The only thing I wonder about is control scheme. There were a few spots where I struggled with the terrain. I wonder if someone who hasn't been playing fps games since the mid 90's would find this unnavigable. Anyone can sit down and appreciate a movie, or a piece of music, or a painting, but games require at least a little bit of skill in order to experience. I often wonder if navigating a virtual world using WASD is going to become a skill that everyone has, or if we are gong to need to develop some more standard control scheme.

Anyway, it was a well spent hour, give it a go.

Wednesday, May 13, 2009

Project Update

Here's a screenshot from tonight. It's coming along well, I've made a whole lot of changes since the last time I posted a progress report.

Currently we're doing a lot of tuning on the gameplay side. Trying to get it to be fun, and challenging, and to work well. The numbers you see on the buildings denote what level the building is, and what kind of building it is. As zombies come in from off the side of the map they can capture buildings. Once captured a building will produce zombies, and can be upgraded. As buildings are upgraded they produce zombies faster, they produce stronger zombies, and can produce different varieties of zombies.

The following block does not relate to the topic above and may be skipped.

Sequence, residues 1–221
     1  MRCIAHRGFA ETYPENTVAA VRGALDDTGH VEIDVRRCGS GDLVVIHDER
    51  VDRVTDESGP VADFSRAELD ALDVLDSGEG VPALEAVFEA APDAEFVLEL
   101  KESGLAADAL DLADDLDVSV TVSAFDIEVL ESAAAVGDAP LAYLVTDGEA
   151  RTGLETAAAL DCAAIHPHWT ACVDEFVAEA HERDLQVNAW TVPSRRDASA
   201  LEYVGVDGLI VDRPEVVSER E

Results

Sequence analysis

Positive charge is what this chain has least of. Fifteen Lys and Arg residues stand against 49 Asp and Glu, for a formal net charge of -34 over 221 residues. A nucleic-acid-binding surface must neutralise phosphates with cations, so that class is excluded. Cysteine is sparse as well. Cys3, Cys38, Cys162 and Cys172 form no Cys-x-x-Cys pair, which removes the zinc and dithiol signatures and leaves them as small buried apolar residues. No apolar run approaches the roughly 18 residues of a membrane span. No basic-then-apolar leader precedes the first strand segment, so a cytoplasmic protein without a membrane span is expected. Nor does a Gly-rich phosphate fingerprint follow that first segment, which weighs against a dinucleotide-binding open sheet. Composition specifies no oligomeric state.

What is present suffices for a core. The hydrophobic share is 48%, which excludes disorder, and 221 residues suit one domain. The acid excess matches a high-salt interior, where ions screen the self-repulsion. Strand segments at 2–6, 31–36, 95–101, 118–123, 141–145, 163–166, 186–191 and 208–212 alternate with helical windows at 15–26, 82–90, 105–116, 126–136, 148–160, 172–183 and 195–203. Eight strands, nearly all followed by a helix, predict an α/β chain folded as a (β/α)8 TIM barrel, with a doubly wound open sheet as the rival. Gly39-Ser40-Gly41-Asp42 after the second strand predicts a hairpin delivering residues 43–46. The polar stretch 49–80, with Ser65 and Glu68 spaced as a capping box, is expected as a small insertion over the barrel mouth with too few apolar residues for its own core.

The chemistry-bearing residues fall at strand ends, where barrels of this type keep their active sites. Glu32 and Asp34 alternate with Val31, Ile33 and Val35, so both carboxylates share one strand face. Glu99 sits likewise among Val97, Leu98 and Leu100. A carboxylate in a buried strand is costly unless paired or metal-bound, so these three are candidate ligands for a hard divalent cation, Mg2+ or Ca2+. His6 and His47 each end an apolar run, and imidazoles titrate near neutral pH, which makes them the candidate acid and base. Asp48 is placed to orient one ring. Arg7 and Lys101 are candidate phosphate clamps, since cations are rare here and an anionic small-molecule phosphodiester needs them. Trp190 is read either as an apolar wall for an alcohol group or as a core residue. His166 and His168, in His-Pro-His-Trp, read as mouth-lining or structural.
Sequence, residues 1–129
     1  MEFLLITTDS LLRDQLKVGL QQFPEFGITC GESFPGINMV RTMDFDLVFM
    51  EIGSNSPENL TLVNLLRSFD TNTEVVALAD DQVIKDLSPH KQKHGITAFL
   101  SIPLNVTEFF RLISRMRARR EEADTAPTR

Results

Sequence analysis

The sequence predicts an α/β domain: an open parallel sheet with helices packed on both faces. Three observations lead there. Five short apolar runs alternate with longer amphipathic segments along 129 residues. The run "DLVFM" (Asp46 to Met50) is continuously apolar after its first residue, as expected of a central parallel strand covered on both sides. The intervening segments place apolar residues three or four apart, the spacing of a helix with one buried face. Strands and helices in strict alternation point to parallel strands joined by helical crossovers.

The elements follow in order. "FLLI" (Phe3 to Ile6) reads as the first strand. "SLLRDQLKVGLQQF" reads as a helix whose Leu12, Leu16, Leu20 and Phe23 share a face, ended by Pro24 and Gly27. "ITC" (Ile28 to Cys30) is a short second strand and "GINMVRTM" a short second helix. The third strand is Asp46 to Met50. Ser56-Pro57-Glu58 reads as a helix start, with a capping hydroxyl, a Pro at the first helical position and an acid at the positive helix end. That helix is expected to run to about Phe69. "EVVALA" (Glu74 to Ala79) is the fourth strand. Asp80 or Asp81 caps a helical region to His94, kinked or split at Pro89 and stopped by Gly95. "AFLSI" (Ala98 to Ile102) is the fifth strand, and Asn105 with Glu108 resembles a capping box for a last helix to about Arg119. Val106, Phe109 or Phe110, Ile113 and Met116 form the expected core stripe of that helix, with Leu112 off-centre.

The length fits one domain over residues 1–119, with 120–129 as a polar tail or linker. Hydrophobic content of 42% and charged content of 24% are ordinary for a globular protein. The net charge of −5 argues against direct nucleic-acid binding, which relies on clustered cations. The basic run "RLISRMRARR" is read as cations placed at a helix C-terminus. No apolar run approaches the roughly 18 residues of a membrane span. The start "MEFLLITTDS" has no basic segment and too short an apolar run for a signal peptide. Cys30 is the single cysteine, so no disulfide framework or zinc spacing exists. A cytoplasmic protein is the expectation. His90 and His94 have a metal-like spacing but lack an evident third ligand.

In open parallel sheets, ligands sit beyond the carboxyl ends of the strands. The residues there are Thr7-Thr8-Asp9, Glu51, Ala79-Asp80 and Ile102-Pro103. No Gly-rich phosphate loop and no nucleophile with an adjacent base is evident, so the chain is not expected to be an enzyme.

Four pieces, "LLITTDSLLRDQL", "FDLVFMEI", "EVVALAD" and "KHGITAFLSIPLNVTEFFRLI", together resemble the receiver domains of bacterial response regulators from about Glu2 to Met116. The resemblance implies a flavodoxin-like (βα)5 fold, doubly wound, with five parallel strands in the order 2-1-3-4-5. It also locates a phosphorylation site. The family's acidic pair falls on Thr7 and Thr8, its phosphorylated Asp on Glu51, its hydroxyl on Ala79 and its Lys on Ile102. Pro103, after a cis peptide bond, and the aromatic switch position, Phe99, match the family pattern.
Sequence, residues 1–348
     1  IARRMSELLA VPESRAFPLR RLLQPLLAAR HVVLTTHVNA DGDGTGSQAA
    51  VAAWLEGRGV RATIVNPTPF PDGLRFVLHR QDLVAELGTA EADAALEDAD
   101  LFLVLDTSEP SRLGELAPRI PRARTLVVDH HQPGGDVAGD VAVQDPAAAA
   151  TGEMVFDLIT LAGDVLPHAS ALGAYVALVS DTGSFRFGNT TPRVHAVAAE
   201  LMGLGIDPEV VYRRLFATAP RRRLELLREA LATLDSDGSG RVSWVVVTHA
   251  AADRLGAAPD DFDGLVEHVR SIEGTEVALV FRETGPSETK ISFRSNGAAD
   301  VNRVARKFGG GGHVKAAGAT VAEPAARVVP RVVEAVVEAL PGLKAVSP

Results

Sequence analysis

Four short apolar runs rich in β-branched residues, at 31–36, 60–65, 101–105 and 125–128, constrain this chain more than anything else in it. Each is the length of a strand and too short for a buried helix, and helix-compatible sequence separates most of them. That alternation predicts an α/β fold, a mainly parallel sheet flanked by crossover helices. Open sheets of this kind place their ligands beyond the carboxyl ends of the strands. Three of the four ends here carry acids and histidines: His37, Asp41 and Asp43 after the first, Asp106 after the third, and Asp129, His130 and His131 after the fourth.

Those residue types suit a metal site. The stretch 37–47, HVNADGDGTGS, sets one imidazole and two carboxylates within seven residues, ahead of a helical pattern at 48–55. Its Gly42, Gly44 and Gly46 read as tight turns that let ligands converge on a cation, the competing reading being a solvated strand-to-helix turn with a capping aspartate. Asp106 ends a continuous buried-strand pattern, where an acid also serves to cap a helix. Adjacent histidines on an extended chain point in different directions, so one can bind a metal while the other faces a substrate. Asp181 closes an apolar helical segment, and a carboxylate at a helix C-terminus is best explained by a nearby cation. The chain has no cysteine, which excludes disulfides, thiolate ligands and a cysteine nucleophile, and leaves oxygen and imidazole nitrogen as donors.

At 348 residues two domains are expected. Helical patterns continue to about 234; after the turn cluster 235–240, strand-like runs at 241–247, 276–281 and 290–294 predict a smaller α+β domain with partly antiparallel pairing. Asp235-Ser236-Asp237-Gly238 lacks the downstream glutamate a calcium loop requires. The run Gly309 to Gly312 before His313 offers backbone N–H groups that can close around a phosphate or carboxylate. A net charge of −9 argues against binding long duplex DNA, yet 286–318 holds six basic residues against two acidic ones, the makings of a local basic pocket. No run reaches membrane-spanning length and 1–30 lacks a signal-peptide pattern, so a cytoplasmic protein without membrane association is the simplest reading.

Right now the game is just too easy. The zombies come pretty furiously, but the humans are just too good at holding them off, so I'm doing experimenting to try and figure out how to have both sides increase in power at roughly the same level.

Anyway, I just wanted this to be a quick status update. Just something to set a precedent to get me to post status updates more often.


Saturday, May 9, 2009

Six Days in Fallujah

Wait a minute you say, wasn't this was supposed to be a post about picking a project? Well, yes, it was, but I realized some important things, to wit:
  1. Nobody is reading this anyway
  2. Everything original I had to say on the subject, was said in the previous article
  3. If I'm writing stuff that nobody is going to read anyway, I may as well be writing stuff I get excited about
Right, so now I'm going instead to talk briefly about Six Days in Fallujah. The short of it, as I understand it, is this: Some veterans from Iraq decided they wanted a game made of their experiences, so they approached a developer, the developer started work and got with Konami to publish it. When news of the game got out, lots of people got upset, and Konami pulled their support for the project.